The family requests that in lieu of flowers memorials be sent to the
Sam Phillips Scholarship Fund at the University of Memphis School of Music.
Southern Music Network's Tribute to the
"Father of Rock 'N' Roll"
1923 - 2003
watch our exclusive
coverage of the
The Man Who
Invented Rock 'N' Roll
Recorded June 8, 2000
The event was also a fundraiser for the Memphis and Shelby County Music Commission. A portion of the proceeds will go towards the administration of the Memphis Musicians
Aired on June 18, 2000
8pm EST/PT on A&E
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View our coverage of the
April 28, 2000
From Robert Santelli's -- The Big Book of Blues - A Biographical Encyclopedia
Producer and record company owner Sam Phillips will always be best known for the discovery of Elvis Presley. Yet prior to Presley and the birth of rock & roll, Phillips played an important role in Memphis blues.
In his Sun Studio, he recorded future blues greats B. B. King, Howlin' Wolf, Rosco Gordon, and others.As a talent scout, record producer, and record company owner, Phillips was to Memphis blues what Leonard and Phil Chess were to Chicago blues.
Phillips hoped to study law but instead settled for a career in radio broadcasting and engineering. His first disc jockey job was in Muscle Shoals, Alabama.
By 1945, he was in Memphis on WREC. Five years later, Phillips opened up the Memphis Recording Service, a small recording studio on Union Avenue, and the short-lived Phillips' Records with disc jockey friend Dewey Phillips (no relation).
After one release, bluesman Joe Hill Louis's "Gotta Let You Go" backed with "Boogie in the Park," the label folded. Phillips then cultivated a relationship with the Bihari Brothers, who were about to launch RPM, a subsidiary of Modern, their Los Angeles-based label.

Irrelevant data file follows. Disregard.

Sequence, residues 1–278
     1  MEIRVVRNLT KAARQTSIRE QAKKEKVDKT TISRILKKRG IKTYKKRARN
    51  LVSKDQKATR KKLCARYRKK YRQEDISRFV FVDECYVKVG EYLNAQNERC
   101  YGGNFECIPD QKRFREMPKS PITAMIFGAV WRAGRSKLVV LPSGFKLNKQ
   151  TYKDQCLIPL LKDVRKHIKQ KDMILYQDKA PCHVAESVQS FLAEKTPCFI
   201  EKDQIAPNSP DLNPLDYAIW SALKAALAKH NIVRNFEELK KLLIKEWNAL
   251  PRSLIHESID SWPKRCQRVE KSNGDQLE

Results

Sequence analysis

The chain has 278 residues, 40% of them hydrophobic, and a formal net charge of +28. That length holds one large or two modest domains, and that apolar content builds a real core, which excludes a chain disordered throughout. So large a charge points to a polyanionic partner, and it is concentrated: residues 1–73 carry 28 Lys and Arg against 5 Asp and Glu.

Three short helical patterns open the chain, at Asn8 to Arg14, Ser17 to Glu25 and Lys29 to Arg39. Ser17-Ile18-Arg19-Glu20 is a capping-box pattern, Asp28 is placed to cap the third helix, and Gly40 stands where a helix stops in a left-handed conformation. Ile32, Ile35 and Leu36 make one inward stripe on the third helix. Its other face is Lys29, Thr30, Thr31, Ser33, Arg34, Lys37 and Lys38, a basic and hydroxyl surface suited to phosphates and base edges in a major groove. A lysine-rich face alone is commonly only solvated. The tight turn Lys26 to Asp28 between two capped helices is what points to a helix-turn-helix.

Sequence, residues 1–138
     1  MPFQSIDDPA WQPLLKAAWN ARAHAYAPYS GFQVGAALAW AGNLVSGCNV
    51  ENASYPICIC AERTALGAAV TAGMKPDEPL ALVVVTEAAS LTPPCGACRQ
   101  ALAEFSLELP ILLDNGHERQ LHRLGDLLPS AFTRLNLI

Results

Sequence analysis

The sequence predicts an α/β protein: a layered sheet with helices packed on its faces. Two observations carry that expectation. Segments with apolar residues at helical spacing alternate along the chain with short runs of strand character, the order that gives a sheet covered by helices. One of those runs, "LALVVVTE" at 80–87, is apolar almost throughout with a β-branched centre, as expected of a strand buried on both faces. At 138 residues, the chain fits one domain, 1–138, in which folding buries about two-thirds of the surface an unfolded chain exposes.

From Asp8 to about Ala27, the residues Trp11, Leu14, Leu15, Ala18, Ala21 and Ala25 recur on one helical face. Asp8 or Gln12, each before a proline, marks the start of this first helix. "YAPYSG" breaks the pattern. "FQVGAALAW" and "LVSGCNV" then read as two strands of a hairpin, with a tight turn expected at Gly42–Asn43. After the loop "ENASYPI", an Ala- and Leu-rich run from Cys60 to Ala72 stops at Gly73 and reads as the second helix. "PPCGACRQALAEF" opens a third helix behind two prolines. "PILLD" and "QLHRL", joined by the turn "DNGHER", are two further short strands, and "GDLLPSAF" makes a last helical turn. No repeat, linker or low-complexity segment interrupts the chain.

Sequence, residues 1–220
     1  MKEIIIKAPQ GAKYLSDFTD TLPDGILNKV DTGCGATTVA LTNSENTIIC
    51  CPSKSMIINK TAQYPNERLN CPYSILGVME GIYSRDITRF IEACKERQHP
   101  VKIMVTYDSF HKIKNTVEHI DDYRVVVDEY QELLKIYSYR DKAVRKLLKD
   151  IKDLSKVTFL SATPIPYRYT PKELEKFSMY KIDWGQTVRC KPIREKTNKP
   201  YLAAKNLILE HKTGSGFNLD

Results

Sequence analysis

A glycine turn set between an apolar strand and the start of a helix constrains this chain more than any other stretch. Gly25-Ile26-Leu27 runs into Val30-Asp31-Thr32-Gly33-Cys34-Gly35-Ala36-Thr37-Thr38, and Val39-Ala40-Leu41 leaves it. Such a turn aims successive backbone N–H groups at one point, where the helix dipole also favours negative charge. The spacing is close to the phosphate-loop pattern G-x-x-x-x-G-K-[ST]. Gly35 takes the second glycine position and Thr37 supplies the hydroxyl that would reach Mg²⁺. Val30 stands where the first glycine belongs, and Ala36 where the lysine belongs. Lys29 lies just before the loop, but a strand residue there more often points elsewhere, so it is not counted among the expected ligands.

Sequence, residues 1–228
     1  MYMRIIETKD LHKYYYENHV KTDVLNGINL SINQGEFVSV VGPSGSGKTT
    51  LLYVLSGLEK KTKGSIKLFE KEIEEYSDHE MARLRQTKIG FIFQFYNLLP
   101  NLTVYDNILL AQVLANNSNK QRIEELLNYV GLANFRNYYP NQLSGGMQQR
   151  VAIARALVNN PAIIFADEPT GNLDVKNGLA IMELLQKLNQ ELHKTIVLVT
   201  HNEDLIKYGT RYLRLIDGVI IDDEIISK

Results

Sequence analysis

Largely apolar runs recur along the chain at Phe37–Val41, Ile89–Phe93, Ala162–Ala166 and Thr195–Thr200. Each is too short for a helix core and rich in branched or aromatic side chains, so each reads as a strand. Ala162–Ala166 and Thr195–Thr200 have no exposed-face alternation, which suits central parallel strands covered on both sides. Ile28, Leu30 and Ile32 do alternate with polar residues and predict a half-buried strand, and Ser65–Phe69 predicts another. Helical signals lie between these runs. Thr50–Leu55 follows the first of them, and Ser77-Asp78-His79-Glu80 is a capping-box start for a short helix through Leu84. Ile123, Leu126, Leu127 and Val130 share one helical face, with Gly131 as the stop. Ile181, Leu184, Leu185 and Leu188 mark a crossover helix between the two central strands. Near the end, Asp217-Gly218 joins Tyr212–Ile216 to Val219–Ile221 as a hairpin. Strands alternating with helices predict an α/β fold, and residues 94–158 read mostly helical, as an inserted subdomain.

The Biharis hoped to build the new label's roster with down-home blues talent and forged an agreement with Phillips to record Memphis artists for RPM. One of the first blues men Phillips sent to RPM was B. B. King. Phillips also set up an agreement with Chess Records similar to the one he had with RPM.
In 1951, Phillips recorded "Rocket 88" by Jackie Brenston and leased it to Chess. Often called the first rock & roll record, "Rocket 88" went to the top of the R & B charts and forced Chess, RPM, and other labels take a serious interest in Memphis music.
Squabbles over talent acquisition with Chess and RPM led Phillips to rethink the idea of starting his own record company. In late 1951, he quit his disc jockey job at WREC. In 1952, he began Sun Records. Until the arrival of Elvis Presley and rock & roll two years later, Sun Records was largely a blues label.
Although Phillips continued to make some blues records after Elvis had changed the course of popular music in 1954 and 1955, he mostly recorded country and rockabilly artists. Sun scored with records by Jerry Lee Lewis, Johnny Cash, Carl Perkins, and Roy Orbison in the mid- and late 1950s.
Phillips sold Sun Records in 1969.
He was inducted into the Rock & Roll Hall of Fame in 1986.
Robert Santelli -- The Big Book of Blues - A Biographical Encyclopedia
NPR: Sam Phillips, The Legacy of Sun Records - 2001 interview and profile
News of the death of Sun Records founder Sam Phillips, who died Wednesday at 80, was met internationally with sadness and a great deal of respect for his achievements. By Bill Ellis - The Commercial Appeal - Full Story
Sun Studio - official site of the historic recording studio started by Sam Phillips.
Sun Records - official site of the historic record label started by Sam Phillips.
Elvis Week 2003 - Saturday, August 9 - Sunday, August 17
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